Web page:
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--> Exploring the Trans-Neptunian Solar System Committee on Planetary and Lunar Exploration Space Studies Board Commission on Physical Sciences, Mathematics, and Applications National Research Council NATIONAL ACADEMY PRESS Washington, D.C.1998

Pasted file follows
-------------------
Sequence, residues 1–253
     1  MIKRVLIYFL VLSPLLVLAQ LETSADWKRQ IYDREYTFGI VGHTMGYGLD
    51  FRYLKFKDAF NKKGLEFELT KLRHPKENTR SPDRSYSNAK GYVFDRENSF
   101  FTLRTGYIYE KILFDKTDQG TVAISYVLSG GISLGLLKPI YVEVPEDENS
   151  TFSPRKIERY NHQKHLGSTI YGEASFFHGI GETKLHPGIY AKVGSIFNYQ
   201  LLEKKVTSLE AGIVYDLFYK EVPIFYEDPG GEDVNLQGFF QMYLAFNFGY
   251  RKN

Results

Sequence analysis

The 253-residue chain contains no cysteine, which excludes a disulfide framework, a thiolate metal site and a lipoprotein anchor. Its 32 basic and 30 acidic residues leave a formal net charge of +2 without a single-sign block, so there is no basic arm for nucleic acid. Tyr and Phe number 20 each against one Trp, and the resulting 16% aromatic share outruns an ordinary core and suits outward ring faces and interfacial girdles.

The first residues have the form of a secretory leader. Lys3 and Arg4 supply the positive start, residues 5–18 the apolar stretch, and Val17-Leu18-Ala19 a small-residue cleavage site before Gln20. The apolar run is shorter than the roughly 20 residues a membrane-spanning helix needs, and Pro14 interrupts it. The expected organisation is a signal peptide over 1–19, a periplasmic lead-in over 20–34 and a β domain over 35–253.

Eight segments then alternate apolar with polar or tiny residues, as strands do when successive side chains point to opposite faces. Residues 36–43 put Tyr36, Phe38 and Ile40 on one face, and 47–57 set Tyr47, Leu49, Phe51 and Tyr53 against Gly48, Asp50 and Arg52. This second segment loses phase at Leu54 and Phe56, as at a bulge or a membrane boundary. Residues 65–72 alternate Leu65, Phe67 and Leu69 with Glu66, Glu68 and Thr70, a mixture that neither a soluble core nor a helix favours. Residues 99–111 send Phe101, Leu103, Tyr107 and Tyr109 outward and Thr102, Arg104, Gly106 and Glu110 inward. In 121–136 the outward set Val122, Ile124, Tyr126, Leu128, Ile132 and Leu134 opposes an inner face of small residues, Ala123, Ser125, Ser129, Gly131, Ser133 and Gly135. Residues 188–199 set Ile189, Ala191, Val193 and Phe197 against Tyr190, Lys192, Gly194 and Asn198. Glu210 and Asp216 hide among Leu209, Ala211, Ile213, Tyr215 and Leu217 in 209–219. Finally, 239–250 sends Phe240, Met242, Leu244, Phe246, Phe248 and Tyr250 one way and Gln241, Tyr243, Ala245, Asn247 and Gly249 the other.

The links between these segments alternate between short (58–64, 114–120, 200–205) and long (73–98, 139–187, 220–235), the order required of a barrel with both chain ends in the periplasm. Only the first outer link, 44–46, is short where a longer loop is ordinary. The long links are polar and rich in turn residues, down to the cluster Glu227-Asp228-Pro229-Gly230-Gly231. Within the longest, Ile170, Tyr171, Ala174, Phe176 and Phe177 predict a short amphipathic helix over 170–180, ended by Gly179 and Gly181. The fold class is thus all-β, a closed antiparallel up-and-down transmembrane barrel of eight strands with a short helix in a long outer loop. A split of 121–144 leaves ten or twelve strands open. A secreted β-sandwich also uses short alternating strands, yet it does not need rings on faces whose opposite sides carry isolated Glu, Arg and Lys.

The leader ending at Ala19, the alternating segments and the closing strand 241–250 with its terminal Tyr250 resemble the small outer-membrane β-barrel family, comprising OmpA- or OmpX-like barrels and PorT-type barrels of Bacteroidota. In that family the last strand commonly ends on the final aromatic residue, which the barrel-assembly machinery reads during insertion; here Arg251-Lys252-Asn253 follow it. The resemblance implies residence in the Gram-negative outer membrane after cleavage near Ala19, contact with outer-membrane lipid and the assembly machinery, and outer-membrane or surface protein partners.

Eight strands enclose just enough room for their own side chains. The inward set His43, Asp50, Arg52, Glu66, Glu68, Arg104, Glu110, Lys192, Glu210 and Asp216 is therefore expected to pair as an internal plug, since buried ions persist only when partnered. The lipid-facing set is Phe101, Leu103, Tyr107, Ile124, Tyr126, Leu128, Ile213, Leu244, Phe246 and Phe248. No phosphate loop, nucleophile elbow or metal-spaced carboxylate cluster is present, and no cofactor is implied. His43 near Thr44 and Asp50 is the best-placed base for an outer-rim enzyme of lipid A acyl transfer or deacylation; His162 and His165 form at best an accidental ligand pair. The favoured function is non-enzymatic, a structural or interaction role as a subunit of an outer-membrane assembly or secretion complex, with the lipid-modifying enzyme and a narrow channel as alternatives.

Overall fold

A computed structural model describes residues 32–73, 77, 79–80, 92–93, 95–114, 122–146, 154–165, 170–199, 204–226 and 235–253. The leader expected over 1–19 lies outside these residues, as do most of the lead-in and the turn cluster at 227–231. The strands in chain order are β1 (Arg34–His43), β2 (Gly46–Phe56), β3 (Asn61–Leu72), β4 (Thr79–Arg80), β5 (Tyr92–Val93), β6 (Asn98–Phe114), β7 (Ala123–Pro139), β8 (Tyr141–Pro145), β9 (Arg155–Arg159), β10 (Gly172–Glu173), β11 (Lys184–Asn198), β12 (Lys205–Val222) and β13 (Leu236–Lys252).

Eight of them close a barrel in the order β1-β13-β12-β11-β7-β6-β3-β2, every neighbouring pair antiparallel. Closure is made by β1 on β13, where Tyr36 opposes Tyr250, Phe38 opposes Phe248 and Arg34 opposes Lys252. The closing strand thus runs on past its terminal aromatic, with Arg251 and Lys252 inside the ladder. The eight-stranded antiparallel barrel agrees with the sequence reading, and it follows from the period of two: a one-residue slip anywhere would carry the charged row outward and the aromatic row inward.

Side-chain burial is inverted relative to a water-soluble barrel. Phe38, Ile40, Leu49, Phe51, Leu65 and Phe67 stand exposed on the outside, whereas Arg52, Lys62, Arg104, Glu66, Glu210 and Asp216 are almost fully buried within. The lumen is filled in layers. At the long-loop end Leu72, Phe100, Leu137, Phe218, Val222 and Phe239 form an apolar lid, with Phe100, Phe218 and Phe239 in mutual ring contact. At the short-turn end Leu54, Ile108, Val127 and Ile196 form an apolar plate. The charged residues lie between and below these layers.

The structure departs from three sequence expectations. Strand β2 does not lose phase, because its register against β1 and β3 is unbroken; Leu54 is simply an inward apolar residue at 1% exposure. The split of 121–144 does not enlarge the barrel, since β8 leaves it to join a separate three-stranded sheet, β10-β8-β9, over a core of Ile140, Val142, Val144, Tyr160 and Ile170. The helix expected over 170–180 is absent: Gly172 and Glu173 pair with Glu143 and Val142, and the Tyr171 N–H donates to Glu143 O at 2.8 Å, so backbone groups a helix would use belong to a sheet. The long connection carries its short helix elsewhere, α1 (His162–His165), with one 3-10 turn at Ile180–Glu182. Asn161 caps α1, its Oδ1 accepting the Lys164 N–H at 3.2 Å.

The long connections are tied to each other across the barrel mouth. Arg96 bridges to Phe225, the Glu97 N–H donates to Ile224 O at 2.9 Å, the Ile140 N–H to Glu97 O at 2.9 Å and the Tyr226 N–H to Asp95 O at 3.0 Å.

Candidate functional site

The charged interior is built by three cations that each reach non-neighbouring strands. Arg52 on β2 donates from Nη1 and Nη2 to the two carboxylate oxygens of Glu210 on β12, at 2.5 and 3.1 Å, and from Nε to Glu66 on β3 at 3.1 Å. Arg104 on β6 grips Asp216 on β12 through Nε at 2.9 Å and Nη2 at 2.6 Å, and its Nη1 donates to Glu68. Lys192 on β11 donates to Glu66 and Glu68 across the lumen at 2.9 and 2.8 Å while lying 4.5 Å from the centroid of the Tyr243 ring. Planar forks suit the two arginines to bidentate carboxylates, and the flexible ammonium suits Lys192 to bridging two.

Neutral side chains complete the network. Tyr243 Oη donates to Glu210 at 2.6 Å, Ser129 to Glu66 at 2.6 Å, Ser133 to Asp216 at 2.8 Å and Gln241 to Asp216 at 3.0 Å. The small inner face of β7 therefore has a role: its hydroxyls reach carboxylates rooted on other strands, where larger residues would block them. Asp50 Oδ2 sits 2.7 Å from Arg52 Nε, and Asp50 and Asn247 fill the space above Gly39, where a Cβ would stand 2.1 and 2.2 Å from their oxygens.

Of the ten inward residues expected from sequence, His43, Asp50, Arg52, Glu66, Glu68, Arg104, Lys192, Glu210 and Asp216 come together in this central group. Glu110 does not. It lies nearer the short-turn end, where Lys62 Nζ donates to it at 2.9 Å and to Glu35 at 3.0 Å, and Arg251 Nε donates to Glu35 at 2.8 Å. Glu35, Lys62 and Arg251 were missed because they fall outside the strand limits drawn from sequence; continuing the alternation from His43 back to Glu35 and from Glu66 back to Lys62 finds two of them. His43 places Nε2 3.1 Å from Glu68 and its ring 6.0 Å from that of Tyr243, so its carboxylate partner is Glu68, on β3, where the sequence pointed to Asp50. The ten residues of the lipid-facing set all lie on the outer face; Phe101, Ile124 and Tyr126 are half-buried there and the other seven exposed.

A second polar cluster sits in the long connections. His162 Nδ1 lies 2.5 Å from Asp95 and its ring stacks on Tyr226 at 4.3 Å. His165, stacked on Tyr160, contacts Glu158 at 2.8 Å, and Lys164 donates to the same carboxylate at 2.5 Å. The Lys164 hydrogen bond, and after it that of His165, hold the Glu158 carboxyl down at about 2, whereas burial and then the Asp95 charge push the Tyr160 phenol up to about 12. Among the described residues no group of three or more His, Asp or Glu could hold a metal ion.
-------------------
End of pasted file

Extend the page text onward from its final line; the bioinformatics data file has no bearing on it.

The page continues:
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--> NOTICE: The project that is the subject of this report was approved by the Governing Board of the National Research Council, whose members are drawn from the councils of the National Academy of Sciences, the National Academy of Engineering, and the Institute of Medicine. The members of the committee responsible for the report were chosen for their special competences and with regard for appropriate balance. The National Academy of Sciences is a private, nonprofit, self-perpetuating society of distinguished scholars engaged in scientific and engineering research, dedicated to the furtherance of science and technology and to their use for the general welfare. Upon the authority of the charter granted to it by the Congress in 1863, the Academy has a mandate that requires it to advise the federal government on scientific and technical matters. Dr. Bruce Alberts is president of the National Academy of Sciences. The National Academy of Engineering was established in 1964, under the charter of the National Academy of Sciences, as a parallel organization of outstanding engineers. It is autonomous in its administration and in the selection of its members, sharing with the National Academy of Sciences the responsibility for advising the federal government. The National Academy of Engineering also sponsors engineering programs aimed at meeting national needs, encourages education and research, and recognizes the superior achievements of engineers. Dr. William A. Wulf is president of the National Academy of Engineering. The Institute of Medicine was established in 1970 by the National Academy of Sciences to secure the services of eminent members of appropriate professions in the examination of policy matters pertaining to the health of the public. The Institute acts under the responsibility given to the National Academy of Sciences by its congressional charter to be an adviser to the federal government and, upon its own initiative, to identify issues of medical care, research, and education. Dr. Kenneth I. Shine is president of the Institute of Medicine. The National Research Council was organized by the National Academy of Sciences in 1916 to associate the broad community of science and technology with the Academy’s purposes of furthering knowledge and advising the federal government. Functioning in accordance with general policies determined by the Academy, the Council has become the principal operating agency of both the National Academy of Sciences and the National Academy of Engineering in providing services to the government, the public, and the scientific and engineering communities. The Council is administered jointly by both Academies and the Institute of Medicine. Dr. Bruce Alberts and Dr. William A. Wulf are chairman and vice chairman, respectively, of the National Research Council. Support for this project was provided by Contract NASW 96013 between the National Academy of Sciences and the National Aeronautics and Space Administration. Any opinions, findings, conclusions, or recommendations expressed in this material are those of the authors and do not necessarily reflect the views of the sponsor. International Standard Book Number 0-309-06041-9 Cover: Multiple views of the current configuration of NASA’s proposed Pluto-Kuiper Express spacecraft. Courtesy of Robert Staehle and the Jet Propulsion Laboratory. Copies of this report are available free of charge from Space Studies Board National Research Council 2101 Constitution Avenue, NW Washington, DC 20418 Copyright 1998 by the National Academy of Sciences. All rights reserved. Printed in the United States of America